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News Article | February 28, 2017
Site: globenewswire.com

CALGARY, Alberta, Feb. 28, 2017 (GLOBE NEWSWIRE) -- The Taralake Townhomes board of directors has chosen C-Era Property Management & Realty, an Associa company, as their new management partner. C-Era will begin providing its complete line of financial, maintenance, communications and administrative services to the Calgary community on March 1. Comprised of 57 contemporary units, Taralake Townhomes is located on Taralake Way just west of Stoney Trail in northeast Calgary. The fully landscaped community boasts convenient access to city amenities like a large park, Saddleridge Town Centre and the Genesis Centre of Community Wellness, a multi-purpose complex with sports facilities, a library and a YMCA. "I would like to thank the Taralake condominium corporation board of directors for putting their trust in us to deliver unsurpassed service and help them realize their vision," says C-Era President Vicci O'Brien. "This is a small, tight-knit neighbourhood and the residents expect an upscale lifestyle, which we will be most equipped to provide for years to come." Delivering unsurpassed association management services to communities since 1979, Associa leads the industry operating more than 180 branch offices across North America and employing 10,000 team members dedicated to serving nearly five million residents who are part of the Associa family. With unrivaled industry expertise, safeguarded finances and trailblazing innovation, Associa provides solutions designed to help communities achieve their vision. To learn more go to www.associaonline.com. Stay Connected: Facebook: https://www.facebook.com/associa Twitter:    https://twitter.com/associa LinkedIn:  http://www.linkedin.com/company/associa YouTube:  http://www.youtube.com/associamarketing Google+:  https://plus.google.com/+Associaonline/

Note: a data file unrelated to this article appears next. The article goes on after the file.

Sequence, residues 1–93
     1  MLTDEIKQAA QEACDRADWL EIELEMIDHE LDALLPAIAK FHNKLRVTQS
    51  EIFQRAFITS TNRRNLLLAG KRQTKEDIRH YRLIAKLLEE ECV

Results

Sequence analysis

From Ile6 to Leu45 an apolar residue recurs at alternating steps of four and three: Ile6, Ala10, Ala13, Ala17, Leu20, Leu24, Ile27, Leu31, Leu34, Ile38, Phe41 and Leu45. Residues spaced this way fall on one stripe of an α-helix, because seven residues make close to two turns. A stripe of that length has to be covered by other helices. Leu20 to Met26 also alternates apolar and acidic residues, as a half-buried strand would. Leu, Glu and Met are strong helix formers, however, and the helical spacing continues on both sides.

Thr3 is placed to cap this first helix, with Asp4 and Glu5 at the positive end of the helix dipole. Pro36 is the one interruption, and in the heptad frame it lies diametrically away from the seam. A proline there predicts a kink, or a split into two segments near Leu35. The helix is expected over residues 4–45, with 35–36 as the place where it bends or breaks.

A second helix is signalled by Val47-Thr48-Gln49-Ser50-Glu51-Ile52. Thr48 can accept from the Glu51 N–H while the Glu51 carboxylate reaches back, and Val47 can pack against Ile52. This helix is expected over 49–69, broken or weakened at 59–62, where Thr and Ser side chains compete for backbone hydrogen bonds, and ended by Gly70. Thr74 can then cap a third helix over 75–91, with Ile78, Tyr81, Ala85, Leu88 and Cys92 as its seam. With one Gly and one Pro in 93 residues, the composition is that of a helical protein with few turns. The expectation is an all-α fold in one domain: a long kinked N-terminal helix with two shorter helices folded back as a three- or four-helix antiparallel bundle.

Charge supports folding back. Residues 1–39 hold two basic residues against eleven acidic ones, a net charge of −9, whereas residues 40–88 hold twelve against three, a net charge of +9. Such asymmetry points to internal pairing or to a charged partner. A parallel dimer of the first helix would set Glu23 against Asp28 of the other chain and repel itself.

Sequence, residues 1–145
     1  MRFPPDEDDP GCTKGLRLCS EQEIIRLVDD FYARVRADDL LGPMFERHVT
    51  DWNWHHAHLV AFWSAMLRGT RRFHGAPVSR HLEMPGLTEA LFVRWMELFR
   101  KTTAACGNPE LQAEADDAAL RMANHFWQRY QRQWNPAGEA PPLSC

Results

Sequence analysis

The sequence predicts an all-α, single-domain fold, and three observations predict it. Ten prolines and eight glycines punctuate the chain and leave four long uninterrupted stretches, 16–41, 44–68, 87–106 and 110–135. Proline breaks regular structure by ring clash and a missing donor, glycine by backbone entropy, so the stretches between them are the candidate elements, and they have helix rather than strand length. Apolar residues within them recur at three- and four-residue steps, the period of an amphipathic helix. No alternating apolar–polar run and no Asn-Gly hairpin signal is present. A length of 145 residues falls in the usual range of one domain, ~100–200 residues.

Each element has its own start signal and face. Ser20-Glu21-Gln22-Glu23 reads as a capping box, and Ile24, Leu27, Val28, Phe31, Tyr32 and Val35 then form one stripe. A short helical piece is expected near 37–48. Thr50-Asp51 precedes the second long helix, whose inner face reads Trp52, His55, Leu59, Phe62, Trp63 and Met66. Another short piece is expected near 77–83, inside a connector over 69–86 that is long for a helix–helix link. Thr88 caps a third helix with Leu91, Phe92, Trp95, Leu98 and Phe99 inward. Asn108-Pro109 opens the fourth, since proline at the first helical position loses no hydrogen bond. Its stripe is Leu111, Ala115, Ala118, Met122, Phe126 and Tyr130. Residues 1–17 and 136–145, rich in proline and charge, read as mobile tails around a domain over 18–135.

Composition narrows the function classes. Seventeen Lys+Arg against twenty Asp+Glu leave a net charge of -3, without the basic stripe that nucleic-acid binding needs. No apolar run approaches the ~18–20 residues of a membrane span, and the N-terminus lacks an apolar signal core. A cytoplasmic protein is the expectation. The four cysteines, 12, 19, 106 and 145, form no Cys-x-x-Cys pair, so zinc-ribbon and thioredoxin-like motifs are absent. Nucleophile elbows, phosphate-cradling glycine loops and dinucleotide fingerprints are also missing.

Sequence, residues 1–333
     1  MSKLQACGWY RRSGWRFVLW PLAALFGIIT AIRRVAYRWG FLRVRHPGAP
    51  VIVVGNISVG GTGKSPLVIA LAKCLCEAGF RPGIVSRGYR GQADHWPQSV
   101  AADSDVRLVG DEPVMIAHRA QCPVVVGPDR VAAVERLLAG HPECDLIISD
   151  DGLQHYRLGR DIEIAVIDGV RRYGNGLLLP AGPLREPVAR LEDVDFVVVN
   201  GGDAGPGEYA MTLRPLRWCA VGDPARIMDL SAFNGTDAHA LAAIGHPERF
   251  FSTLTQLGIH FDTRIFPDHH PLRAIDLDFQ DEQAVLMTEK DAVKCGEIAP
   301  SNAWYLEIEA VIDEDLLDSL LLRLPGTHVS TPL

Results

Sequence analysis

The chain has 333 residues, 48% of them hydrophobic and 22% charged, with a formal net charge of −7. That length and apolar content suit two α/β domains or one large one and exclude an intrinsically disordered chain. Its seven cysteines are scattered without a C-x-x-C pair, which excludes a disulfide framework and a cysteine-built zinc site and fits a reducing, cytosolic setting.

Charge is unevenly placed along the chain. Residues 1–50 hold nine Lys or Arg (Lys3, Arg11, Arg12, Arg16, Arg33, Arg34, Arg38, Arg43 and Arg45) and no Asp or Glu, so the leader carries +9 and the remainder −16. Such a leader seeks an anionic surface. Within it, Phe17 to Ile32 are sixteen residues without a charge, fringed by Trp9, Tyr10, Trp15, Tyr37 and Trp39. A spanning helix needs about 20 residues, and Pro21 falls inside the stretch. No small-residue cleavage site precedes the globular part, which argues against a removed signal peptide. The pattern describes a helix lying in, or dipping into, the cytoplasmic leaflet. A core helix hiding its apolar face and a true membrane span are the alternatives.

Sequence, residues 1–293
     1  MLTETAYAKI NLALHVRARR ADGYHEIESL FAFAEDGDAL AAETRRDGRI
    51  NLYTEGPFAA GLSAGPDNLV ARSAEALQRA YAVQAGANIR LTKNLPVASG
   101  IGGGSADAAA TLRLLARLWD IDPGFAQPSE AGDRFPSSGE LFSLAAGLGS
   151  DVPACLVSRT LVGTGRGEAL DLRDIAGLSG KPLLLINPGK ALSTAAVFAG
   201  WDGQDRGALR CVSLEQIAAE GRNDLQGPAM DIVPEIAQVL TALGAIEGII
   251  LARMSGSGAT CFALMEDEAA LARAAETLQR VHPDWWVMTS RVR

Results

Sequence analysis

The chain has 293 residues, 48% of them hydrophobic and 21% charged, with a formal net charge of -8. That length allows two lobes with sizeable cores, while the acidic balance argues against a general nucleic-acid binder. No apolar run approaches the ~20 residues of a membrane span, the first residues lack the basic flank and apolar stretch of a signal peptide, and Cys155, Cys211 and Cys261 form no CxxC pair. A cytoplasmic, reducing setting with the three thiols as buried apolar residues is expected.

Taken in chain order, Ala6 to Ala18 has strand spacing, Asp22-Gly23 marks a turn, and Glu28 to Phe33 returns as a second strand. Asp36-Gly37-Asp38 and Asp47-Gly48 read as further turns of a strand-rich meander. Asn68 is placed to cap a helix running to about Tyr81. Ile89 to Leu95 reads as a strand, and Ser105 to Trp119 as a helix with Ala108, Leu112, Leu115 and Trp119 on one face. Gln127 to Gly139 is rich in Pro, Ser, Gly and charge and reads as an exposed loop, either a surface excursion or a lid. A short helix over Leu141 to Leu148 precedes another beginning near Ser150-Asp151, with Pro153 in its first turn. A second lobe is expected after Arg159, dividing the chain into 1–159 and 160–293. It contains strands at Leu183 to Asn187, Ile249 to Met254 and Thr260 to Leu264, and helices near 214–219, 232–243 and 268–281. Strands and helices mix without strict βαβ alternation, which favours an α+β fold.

Butts S.F.,University of Pennsylvania | Seifer D.B.,Genesis Centre
Fertility and Sterility | Year: 2010

Objective: To review variations in specific reproductive health outcomes by race and ethnicity. A growing number of reports have explored potential gaps in the quality of reproductive health and healthcare across racial and ethnic groups. Diverse results from numerous investigations have made it challenging for practitioners to confirm the significance of these disparities. Method(s): Three specific areas of the reproductive life cycle were examined: pubertal onset, outcomes from treatment with assisted reproductive technologies (ART), and the menopausal transition. These areas were selected as they encompass a continuum of events across the reproductive life span of women. Outcomes were compared in black, white, Asian, and Hispanic women. Medline searches querying on keywords puberty, IVF, ART, menopause, menopausal symptoms, racial disparity, race, Asian, Japanese, Chinese, African American, black, Hispanic, and Latino were performed to isolate relevant publications for review. Result(s): Differences across race and ethnicity were noted in each clinical endpoint. The most notable findings included earlier puberty in blacks and Hispanics compared with whites, significantly lower live birth rates after ART in all racial and ethnic groups compared with whites, and differences in perimenopausal symptomatology and possibly timing in various racial/ethnic groups compared with whites. Additional research is needed to completely unravel the full significance and basic underpinnings of these disparities. Some of the limitations of the current state of the literature in drawing conclusions about the independent effect of race/ethnicity on reproductive disparities include small samples sizes in some studies, inconsistencies in the characterization of racial/ethnic groups, and incomplete control of potential confounding. Conclusion(s): Race and ethnicity appear to be important correlates of outcomes from the initiation of reproduction functioning through to its conclusion. The ultimate goal of identifying racial disparities in reproduction is to isolate the basic determinants of disparities and formulate strategies to improve outcomes for women at risk. The differences demonstrated in this review of the literature could represent environmental, sociocultural, and/or genetic correlates of race that influence these important milestones. © 2010.